This dew point calculator can be used to explore the relationship between dew point, temperature and relative humidity. If you have ever wondered "what is dew point?" or how to calculate relative humidity in certain conditions, then this calculator is for you! Also, feel free to check out our wind chill calculator or the heat index calculator if you are interested in the influence of the weather on temperature. Keep reading to find out more about dew formation, comfortable dew point temperature, and relative humidity.

What is dew point? Dew point definition

The name can be a bit deceptive - dew point has, actually, nothing to do with geometry. It is simply the highest possible temperature at which water vapor can condense to form dew. For example, if the relative humidity in your room is high, you can observe dew forming on the surface of the window. This happens because the temperature in the vicinity of the window has dropped below the dew point. Once you think about it, you can also find an example of this exact phenomenon in the "Titanic" movie...

Simply looking for a short dew point definition? Here you are!

  • Dew point is the temperature at which water vapor begins to condense into water.

or, if you'd like a more complex one:

  • Dew point is the temperature which air or a gas must be cooled to for the water vapor to condense into dew (or frost, if the temperature is below the freezing point of water).

What is relative humidity?

Relative humidity is expressed as a percentage. It is the ratio of the current absolute humidity to the maximum absolute humidity possible for the current temperature. In other words, it's the amount of moisture in the air compared to what the air can maximally "hold" at that temperature:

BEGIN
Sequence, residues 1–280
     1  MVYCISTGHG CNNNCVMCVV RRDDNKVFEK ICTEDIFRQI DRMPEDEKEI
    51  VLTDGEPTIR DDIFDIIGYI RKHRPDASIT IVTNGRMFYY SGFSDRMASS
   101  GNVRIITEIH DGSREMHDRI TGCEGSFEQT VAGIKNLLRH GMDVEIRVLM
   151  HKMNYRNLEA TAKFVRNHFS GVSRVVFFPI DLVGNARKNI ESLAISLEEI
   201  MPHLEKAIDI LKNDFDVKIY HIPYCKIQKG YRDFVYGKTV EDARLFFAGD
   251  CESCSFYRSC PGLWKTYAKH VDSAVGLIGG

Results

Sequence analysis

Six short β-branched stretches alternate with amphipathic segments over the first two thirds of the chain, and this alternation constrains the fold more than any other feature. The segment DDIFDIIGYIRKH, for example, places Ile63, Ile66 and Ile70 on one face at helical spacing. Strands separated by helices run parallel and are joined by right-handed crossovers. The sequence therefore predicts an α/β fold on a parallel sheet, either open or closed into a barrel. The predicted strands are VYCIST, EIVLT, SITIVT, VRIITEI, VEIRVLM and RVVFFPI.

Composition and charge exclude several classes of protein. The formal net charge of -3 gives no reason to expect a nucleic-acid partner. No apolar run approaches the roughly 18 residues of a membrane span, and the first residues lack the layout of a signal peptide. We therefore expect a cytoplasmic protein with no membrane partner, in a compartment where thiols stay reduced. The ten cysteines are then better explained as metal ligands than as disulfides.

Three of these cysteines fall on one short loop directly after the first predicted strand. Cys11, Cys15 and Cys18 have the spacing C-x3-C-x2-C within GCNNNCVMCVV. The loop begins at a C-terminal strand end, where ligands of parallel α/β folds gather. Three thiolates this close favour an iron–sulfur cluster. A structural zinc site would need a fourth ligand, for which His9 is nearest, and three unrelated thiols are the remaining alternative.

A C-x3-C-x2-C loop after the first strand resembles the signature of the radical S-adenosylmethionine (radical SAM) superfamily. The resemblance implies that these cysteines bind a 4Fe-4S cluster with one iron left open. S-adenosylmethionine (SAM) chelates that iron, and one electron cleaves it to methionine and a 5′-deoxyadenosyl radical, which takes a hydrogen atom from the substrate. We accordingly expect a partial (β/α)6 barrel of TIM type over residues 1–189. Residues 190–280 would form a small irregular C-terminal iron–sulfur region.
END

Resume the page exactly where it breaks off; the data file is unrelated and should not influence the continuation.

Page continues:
• relative_humidity = 100% * current absolute humidity / max absolute humidity, in current temperature

or, expressed differently, the relative humidity is the ratio of the water vapor pressure Pw to the saturation water vapor pressure Pws at the given temperature:

  • relative_humidity = 100% * Pw / Pws

To understand this definition, you need to know the definition of absolute humidity, too. It is simply the water content in the air, expressed in grams per cubic meter:

absolute humidity = m / V, where m is the mass of water vapor and V is the volume of the air and water vapor mixture.

For saturated air at 30 °C (86 °F), the absolute humidity in the atmosphere ranges from ~0 to 30 grams per cubic meter. Did you notice that the formulas don't take the temperature into consideration?

How to calculate dew point? How to calculate relative humidity?

Many equations describing this relationship have been formed. None of them are perfect, though. This dew point calculator uses the Magnus-Tetens formula (Sonntag90) that allows us to obtain accurate results (with an uncertainty of 0.35°C) for temperatures ranging from -45°C to 60°C.

The dew point is calculated according to the following formula:

Ts = (b * α(T,RH)) / (a - α(T,RH))

where:

  • Ts is the dew point;
  • T is the temperature;
  • RH is the relative humidity of the air;
  • a and b are coefficients. For Sonntag90 constant set, a=17.62 and b=243.12°C;
  • α(T,RH) = ln(RH/100) +a*T/(b+T).

If you want to calculate relative humidity, you need to know the dew point and temperature to use the equation derived from the above formula. Or, simply type the values into our dew point calculator (which can also serve as relative humidity calculator). The result appears in no time!

Dew point vs. humidity: the difference between dew point and humidity

Now that you know the formulas for dew point and humidity, you may wonder, what is the difference between those two terms? Dew point is an accurate measurement of the moisture content in the air. The higher dew point is, the more moisture that is in the air. If you want to know whether (or weather, heh) it's comfortable or not to have a morning jog or go on a weekend hiking trip - stick with that term. Relative humidity is a more confusing value as it depends on temperature and the pressure of the system you are interested in.

Dew point and relative humidity are not the same, but they are closely related: the higher relative humidity is, the closer the dew point is to the current air temperature. In a special case, when the air is maximally saturated with water (the relative humidity is 100%), the dew point is equal to the current temperature.